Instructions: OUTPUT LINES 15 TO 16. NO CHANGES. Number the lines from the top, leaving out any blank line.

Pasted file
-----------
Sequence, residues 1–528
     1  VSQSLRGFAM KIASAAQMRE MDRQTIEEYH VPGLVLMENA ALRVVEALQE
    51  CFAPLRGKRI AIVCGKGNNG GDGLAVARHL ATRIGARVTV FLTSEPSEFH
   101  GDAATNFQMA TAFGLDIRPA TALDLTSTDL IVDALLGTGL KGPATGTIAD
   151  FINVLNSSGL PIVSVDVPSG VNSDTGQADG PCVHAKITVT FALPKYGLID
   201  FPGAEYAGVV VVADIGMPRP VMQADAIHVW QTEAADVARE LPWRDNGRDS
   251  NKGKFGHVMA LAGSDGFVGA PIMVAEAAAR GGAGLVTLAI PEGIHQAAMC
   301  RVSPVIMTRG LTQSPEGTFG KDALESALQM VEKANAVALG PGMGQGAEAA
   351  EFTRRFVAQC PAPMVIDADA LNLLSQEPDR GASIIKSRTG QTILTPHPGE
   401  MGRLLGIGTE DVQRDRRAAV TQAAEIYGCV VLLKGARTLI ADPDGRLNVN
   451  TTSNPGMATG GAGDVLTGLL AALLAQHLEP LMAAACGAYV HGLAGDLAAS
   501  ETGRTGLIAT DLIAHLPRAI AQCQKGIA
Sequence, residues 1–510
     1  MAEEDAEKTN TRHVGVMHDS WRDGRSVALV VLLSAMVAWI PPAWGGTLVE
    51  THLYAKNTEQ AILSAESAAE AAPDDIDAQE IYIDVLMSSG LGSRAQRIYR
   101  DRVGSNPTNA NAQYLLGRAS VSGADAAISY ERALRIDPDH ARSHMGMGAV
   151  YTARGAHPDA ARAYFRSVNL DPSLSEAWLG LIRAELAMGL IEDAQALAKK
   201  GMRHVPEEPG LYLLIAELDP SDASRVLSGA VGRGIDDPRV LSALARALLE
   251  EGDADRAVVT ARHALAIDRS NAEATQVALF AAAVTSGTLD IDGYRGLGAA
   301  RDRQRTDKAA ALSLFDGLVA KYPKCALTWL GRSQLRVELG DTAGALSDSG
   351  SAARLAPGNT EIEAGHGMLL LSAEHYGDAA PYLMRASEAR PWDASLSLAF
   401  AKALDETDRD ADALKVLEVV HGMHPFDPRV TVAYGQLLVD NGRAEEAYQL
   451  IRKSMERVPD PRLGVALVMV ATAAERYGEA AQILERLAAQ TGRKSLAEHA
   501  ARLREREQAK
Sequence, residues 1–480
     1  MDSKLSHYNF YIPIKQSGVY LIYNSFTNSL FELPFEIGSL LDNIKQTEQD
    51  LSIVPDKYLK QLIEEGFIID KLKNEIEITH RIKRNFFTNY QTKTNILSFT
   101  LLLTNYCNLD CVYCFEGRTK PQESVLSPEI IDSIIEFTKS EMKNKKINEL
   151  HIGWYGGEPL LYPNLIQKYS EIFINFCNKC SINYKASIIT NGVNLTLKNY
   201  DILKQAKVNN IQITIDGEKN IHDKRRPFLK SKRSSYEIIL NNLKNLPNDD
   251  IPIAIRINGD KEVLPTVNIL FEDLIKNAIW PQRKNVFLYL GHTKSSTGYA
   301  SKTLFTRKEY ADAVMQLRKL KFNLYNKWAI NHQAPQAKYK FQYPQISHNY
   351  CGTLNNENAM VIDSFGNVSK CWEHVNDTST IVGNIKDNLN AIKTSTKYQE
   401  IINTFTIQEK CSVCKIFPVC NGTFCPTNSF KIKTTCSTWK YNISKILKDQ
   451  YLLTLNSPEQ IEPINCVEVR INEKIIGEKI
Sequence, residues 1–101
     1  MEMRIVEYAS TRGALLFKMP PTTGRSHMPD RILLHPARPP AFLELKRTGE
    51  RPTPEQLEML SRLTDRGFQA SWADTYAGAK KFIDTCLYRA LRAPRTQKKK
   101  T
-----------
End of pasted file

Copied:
    51  THLYAKNTEQ AILSAESAAE AAPDDIDAQE IYIDVLMSSG LGSRAQRIYR
   101  DRVGSNPTNA NAQYLLGRAS VSGADAAISY ERALRIDPDH ARSHMGMGAV